The Personal MBA

Master the Art of Business

A world-class business education in a single volume. Learn the universal principles behind every successful business, then use these ideas to make more money, get more done, and have more fun in your life and work.

Buy the book:


What Is 'Motivation'?

Motivation is an emotional state that links the parts of our brain that feel with the parts that are responsible for action.

There are two basic desires that spark Motivation: moving towards something desirable, and moving away from something not desirable.

Motivation is an emotion, not a logical activity. Just because your brain thinks you should be motivated, that doesn't mean you'll become motivated automatically.

Conflicts result when there are "move towards" and "move away" signals at the same time. This defense mechanism was developed to avoid risks in the past, but most present risks are no longer life or death situations like they used to be.

As long as there are also "move away" signals that create a Conflict, it's hard to feel motivated to do something. Eliminate the inner conflicts that make you move away from potential threats, and you'll find your motivation.

Josh Kaufman Explains 'Motivation'

Motivation is something that you probably think about all the time, using terms like "I'm feeling really motivated to get this done," or "I'm not feeling very motivated to do this right now." Since so many of us rely on the term to explain our daily experience, it's worthwhile to understand what we're actually talking about.

Motivation is an emotional state that links the parts of our brain that feel with the parts that are responsible for action.

Using the Onion Brain as a basic model, motivation is the link between the midbrain (which perceives the world) and the hindbrain (which sends the signals to our body to take action).

In most cases, motivation is automatic-our mind perceives a difference between the way things are and the way we want them to be, and the body acts to eliminate the difference.

You can break down the experience of motivation into two basic desires: moving toward things that are desirable, and moving away from things that aren't.

Things that fulfill our Core Human Drives appear desirable, so we experience an impulse to move toward them. Things that appear dangerous, scary, or threatening are undesirable, so we experience an impulse to move away from them.

In general, "moving away" takes priority over "moving toward." The reason comes back to Caveman Syndrome-if you value your survival, running away from a lion takes priority over cooking lunch.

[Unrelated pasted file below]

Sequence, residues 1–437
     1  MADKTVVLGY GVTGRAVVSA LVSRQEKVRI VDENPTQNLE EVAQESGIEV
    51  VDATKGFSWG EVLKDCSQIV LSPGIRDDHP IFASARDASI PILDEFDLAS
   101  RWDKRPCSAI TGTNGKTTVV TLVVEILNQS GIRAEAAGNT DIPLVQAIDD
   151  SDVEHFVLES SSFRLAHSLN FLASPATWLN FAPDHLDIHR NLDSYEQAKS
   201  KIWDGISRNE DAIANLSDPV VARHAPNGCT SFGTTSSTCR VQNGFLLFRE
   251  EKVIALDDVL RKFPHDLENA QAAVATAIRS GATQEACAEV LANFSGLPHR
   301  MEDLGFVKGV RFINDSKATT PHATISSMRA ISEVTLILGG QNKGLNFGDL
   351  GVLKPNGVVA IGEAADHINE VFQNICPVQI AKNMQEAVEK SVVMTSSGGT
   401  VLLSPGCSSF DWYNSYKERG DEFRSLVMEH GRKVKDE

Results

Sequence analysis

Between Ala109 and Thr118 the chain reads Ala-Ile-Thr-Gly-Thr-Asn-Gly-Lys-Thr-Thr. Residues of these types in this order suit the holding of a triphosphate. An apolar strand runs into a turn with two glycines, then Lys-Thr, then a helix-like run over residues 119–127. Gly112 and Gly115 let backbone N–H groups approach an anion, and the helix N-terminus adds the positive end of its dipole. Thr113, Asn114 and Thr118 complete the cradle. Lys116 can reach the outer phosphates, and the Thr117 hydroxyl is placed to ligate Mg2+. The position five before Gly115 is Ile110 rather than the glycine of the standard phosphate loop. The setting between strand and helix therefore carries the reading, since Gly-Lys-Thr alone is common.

Let's say you have an exciting opportunity to start a new business. A feeling of excitement may cause you to move toward that opportunity. At the same time, if the opportunity requires you to leave a high-paying job you like, which feels risky, you may be compelled to move away from the very same opportunity, resulting in Conflict.

As long as the risk outweighs the excitement, you'll hesitate, even if there's very little chance you'll ever be in personal danger if you take the leap.

This safety mechanism in our minds developed for very good reasons, but today, most of the decisions we make don't have life-and-death consequences.

Motivation is an emotion-NOT a logical, rational activity. Just because your forebrain thinks you should be motivated to do something does not mean you'll automatically become motivated to do that thing. (If only it were that easy, right?)

Very often, Mental Simulations, Patterns, Conflicts, and Interpretations hidden in the midbrain can get in the way of making progress toward what we want to accomplish. As long as there are "move away from" signals being sent, you'll have a hard time feeling motivated to move toward what you want.

In the same vein, you can't "motivate" other people by yelling at them to work faster-all the drill sergeant approach accomplishes is making them want to move away from you. They may comply with you temporarily if they perceive some threat to themselves if they don't, but you can bet that they'll move away from working with you at the first available opportunity.

Eliminate the inner conflicts that compel you to move away from potential threats, and you'll find yourself experiencing a feeling of motivation to move toward what you really want.

Questions About 'Motivation'


"BUT I DON'T WANNA!!!"

Two-year-old children everywhere


From Chapter 6:

The Human Mind


https://personalmba.com/motivation/



WANT TO BE NOTIFIED WHEN UPDATES ARE PUBLISHED? Subscribe to Josh Kaufman's email newsletter. You'll receive Personal MBA updates, Josh's award-winning research, and useful resources that will help you make more money, get more done, and have more fun. It's free!

The Personal MBA

Master the Art of Business

A world-class business education in a single volume. Learn the universal principles behind every successful business, then use these ideas to make more money, get more done, and have more fun in your life and work.

Buy the book:


About Josh Kaufman

Josh Kaufman is an acclaimed business, learning, and skill acquisition expert. He is the author of two international bestsellers: The Personal MBA and The First 20 Hours. Josh's research and writing have helped millions of people worldwide learn the fundamentals of modern business.

More about Josh Kaufman →